CNN's Ben Krolowitz imitates Nomar Garciaparra's pre-bat routine. Garciaparra, left, was known for obsessively adjusting his batting gloves before stepping into the batter's box.
CNN  — 

Fidgeting with batting gloves between pitches. Scrawling in the dirt with the tip of a baseball bat. Pacing – and maybe meditating – around the batter’s box.

Major League Baseball hitters used to have all the time in the world for such rituals before feeling ready and confident to face pitchers.

But the league’s new pitch clock rules, introduced this year to accelerate a game that can bleed into three hours, will result in another unintended casualty: quirky batter routines.

“It’s called a pitch timer, and because of that, I think when they announced it, most people thought about how it affects the pitcher,” national reporter Anthony Castrovince told CNN.

As spring training got underway, the new rule appeared to be achieving its goal of speeding up games. But baseball experts also began to realize that the burden of the clock might be more of an adjustment for the batters than the pitchers.

“The batters having not as much time as they were used to was one of those things that snuck up on everybody involved because we focused so much on the pitchers,” Neil Paine, acting sports editor at FiveThirtyEight, told CNN. “We didn’t really spend as much time thinking about the batters, and as it turns out, the batters have had to make as much of an adjustment as the pitchers it seems like.”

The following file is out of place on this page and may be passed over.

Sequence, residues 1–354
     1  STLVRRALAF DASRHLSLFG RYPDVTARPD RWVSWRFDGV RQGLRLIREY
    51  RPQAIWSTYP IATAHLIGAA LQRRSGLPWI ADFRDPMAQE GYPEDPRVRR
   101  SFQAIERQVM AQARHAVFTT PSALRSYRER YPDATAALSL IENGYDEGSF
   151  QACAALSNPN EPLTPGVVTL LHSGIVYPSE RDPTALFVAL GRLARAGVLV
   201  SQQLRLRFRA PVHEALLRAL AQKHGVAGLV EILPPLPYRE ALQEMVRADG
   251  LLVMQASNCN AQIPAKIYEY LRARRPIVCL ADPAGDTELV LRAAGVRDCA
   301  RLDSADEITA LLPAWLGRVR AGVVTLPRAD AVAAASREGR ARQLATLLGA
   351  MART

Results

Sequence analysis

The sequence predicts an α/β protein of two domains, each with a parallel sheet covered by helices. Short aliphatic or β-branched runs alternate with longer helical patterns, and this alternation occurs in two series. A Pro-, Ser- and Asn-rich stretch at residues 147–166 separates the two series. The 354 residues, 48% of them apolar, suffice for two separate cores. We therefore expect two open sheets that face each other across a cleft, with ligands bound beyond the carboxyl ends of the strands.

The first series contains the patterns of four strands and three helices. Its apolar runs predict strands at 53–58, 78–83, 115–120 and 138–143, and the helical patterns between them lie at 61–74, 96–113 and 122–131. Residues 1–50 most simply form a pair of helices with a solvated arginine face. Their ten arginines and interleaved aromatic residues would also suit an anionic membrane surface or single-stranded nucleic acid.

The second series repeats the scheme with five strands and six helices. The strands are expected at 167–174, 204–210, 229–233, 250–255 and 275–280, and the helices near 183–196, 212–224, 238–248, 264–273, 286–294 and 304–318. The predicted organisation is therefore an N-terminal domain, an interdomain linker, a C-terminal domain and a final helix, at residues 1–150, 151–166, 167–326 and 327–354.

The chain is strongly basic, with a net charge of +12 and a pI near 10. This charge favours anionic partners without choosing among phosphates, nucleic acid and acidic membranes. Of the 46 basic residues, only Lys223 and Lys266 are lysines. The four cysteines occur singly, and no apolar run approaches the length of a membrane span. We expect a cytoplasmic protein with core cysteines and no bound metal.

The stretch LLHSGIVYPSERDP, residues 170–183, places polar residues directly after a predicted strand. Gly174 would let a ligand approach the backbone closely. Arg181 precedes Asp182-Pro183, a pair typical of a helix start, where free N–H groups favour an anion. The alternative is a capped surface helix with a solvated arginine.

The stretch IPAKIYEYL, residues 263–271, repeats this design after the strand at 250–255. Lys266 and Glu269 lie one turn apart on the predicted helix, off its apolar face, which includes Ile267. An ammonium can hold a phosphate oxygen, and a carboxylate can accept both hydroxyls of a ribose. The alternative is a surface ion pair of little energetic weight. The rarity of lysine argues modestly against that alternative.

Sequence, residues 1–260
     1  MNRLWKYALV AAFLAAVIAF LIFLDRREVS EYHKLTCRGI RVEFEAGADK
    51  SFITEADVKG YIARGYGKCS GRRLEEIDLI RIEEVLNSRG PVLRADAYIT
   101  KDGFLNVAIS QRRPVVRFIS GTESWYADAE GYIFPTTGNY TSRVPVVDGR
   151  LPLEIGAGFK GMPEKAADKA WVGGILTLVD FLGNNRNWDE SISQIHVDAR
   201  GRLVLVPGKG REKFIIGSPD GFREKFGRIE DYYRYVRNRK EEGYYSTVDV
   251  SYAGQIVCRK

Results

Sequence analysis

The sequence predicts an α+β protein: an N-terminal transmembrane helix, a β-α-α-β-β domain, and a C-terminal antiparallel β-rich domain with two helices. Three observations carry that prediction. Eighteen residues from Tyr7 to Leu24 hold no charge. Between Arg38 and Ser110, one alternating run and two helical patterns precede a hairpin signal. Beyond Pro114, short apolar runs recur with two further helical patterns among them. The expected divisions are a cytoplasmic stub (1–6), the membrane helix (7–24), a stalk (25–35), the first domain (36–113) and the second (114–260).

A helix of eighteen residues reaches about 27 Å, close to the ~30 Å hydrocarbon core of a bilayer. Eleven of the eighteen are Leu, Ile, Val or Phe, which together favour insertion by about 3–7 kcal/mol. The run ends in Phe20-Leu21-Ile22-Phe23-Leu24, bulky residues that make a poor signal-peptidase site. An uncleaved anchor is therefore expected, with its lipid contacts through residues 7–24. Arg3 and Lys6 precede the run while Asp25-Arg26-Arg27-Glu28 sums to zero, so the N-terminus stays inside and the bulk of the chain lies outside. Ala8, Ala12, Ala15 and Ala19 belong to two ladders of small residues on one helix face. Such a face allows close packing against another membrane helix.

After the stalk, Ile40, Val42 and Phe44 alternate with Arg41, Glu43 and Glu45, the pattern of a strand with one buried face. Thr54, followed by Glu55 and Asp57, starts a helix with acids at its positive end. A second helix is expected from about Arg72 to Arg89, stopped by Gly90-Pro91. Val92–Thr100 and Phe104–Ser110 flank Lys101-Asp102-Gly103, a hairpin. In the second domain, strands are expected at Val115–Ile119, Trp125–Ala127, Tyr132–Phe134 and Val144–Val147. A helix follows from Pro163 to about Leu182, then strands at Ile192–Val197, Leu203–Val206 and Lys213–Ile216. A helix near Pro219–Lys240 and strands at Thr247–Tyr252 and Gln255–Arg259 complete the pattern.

A pitch clock counts down during a spring training game between the New York Yankees and Pittsburgh Pirates in Tampa, Florida, on March 6.

The new pitch clock rules state that a pitcher gets 15 seconds to begin the motion to throw the ball with the bases empty and 20 seconds with runners on base. If he can’t do this in time, he is charged with a ball. The hitter, however, must also be ready to go in the batter’s box. He must be facing and looking at the pitcher with eight seconds left on the clock. If not, he gets charged with a strike. The consequences were on full display early in spring training.

It was the bottom of the ninth inning and the bases were loaded with a full count and a tie score.

Cal Conley of the Atlanta Braves had a shot at getting a win for his team against the Boston Red Sox. With the pitch clock winding down, the umpire called a time violation and Conley made his way to first base, apparently assuming that the pitcher was in violation of the new rule.

Only the call was against Conley – he wasn’t ready in the batter’s box with eight seconds left on the pitch clock. The umpire called a strike, and the game ended.